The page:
Wandering and Elopement
When we trust nursing home facilities with the care of our precious loved ones, we expect them to get round the clock care from qualified professionals who will keep them safe and supervised.
Sadly, sometimes nursing homes fall short when it comes to the care and supervision that is required of them. When nursing homes fail to properly supervise their residents, the consequences can be catastrophic. In some cases, it can lead to episodes of wandering or even leaving the home altogether, known as elopement by residents.
There are legal implications when a nursing home allows a resident to wander or leave the facility., It’s a form of neglect because the resident wasn’t being carefully looked after by staff, which has led to a potentially dangerous situation.
Have you discovered that your loved one was able to wander or leave their facility, putting them at risk? The injury attorneys at Thompson Law Firm in Phoenix have significant experience in helping clients who have experienced nursing home neglect. Our offices are conveniently located in Chandler, Peoria, and North Phoenix, and we can meet in-person or over the phone or video call.
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What are Wandering and Elopement?
Wandering refers to a situation in which a resident with cognitive impairments such as memory loss or Alzheimer’s leaves their room or other safe area of a nursing home and moves about the facility without supervision.
Wandering can lead to a fall or other type of injury and residents who are most at risk for wandering are those who suffer from dementia. By allowing someone with cognitive impairments to move freely without supervision, the facility is placing that individual in danger.
When an individual is wandering around the nursing home, they can enter unsafe areas of the facility such as other resident’s rooms, the kitchen, stairwells, and storage rooms.
When someone wanders, they may leave the facility, which then becomes another type of wandering called elopement.
In this situation, the resident leaves the security of the nursing home and is exposed to the dangers outside. When a resident elopes from a nursing home, they can end up just about anywhere- from down the street, in the woods, or even in another town.
They immediately run the risk of walking into traffic, being hurt by a stranger, or getting lost or stranded in an area where it’s difficult to locate them. The added danger then becomes their exposure to the weather. They will likely not be adequately dressed, leading to dehydration and overheating, or even freezing to death.
What Are the Causes of Wandering and Elopement?
The people most at risk for wandering or eloping from a facility are those diagnosed with Alzheimer’s, dementia, or other similar cognitive impairments. Residents with memory loss conditions are most vulnerable to wandering because they forget where they are or feel overwhelmed in their surroundings, which feel unfamiliar to them.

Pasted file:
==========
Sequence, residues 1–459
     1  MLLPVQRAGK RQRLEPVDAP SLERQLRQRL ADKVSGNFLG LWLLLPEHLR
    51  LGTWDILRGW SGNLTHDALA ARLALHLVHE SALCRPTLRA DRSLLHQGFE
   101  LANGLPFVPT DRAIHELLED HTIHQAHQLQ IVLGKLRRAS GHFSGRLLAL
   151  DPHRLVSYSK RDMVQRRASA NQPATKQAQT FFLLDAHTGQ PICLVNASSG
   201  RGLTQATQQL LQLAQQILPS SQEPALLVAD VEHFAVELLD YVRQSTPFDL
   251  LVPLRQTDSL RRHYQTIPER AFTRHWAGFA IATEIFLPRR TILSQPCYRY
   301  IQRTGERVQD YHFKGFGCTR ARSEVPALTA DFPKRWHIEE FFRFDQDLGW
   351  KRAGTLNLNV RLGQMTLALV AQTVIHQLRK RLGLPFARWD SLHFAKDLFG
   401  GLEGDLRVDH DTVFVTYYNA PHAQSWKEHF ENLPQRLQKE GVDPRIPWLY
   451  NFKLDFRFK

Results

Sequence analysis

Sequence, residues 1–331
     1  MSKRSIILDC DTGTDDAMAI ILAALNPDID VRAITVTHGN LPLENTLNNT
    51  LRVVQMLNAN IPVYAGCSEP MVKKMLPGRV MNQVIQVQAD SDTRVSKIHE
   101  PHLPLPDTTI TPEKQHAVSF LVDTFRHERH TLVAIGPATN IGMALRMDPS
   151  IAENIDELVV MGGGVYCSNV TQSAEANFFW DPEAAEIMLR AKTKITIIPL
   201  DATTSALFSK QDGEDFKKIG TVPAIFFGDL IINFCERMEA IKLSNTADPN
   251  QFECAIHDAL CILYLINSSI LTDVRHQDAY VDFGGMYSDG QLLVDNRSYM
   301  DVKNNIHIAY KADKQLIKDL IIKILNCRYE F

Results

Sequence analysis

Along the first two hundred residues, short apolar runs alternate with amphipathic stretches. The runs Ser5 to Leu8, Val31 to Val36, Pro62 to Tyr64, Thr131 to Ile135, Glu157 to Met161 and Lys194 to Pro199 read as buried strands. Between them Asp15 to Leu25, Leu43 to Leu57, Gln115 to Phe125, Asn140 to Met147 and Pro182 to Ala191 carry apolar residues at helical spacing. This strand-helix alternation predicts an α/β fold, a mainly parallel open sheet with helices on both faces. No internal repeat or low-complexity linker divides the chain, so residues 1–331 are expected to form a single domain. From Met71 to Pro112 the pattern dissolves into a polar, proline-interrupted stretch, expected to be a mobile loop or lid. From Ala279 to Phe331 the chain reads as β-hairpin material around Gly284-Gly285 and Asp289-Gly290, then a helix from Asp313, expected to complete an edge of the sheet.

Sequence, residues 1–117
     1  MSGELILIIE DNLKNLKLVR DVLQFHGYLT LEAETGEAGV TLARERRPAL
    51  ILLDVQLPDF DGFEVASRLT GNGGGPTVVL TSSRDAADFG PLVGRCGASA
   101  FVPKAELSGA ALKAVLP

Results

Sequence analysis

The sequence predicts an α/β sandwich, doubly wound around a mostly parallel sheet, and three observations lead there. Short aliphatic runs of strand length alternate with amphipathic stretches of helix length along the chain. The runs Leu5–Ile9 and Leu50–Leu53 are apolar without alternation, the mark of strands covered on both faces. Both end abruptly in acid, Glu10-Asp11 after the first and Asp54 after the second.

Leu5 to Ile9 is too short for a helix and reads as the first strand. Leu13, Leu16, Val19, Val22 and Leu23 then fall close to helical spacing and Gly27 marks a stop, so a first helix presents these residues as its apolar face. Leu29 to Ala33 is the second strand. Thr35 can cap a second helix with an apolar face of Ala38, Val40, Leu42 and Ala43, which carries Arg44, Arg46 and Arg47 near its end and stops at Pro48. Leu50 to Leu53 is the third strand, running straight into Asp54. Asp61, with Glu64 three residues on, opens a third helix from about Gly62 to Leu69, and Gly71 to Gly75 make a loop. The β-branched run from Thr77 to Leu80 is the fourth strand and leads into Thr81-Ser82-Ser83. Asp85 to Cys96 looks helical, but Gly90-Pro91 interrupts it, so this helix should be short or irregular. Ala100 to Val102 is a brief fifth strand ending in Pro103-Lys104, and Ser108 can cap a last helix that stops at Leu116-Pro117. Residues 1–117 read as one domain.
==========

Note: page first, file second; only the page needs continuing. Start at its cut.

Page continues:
Other factors that can cause wandering or elopement include:
Due to the dangers of wandering and elopement, it’s vital that nursing home staff monitor for these types of triggers and supervise residents who are at risk for this type of behavior. Not supervising a resident properly, even if only for a few minutes, could have dire consequences.
How Can Wandering and Elopement be Prevented?
There are many steps nursing homes can take to prevent the likelihood of residents wandering and eloping. The first step is to do personal evaluations for each resident moving into the nursing facility. The home should then determine if the new resident is at-risk for wandering and prepare a personal plan that includes information about their mental health.
Research has shown that wandering can be addressed through personal care plans that respond to wandering behaviors by developing a relationship with the resident and anticipating their needs.
Another important step in preventing wandering and eloping is to educate staff. By making sure employees are properly trained and prepared to supervise and monitor residents, especially those at risk for such behaviors, the facility can lower the risk of wandering and reduce the chances of a resident being seriously injured.
Nursing home facilities should also take steps to secure and monitor entrances and exits as well as offer exercise groups, crafts, or recreational activities that engage the residents. By interacting with residents and keeping them busy, they will be less likely to wander.
What Happens if a Nursing Homes Fails to Supervise Your Loved One?
According to the Nursing Home Reform Act of 1987, every resident in a nursing home is entitled to good, basic care. Since then, most states have passed legislation reinforcing and in some cases strengthening the standard of care required of nursing home facilities.
This care includes an individualized healthcare plan, attention, and supervision. Unfortunately, not all nursing homes meet the level of care required of them. When their failure to properly care for your loved one leads to injuries or death, they must be held responsible.
Here at Thompson Law, we’ve helped many families fight for their loved ones in cases of wandering or elopement. If you or a family member has been the victim of nursing home neglect, our team is here to help.
Give us a call today at (480) 725-4799. We are always happy to answer any questions you have and assist you in this difficult time.
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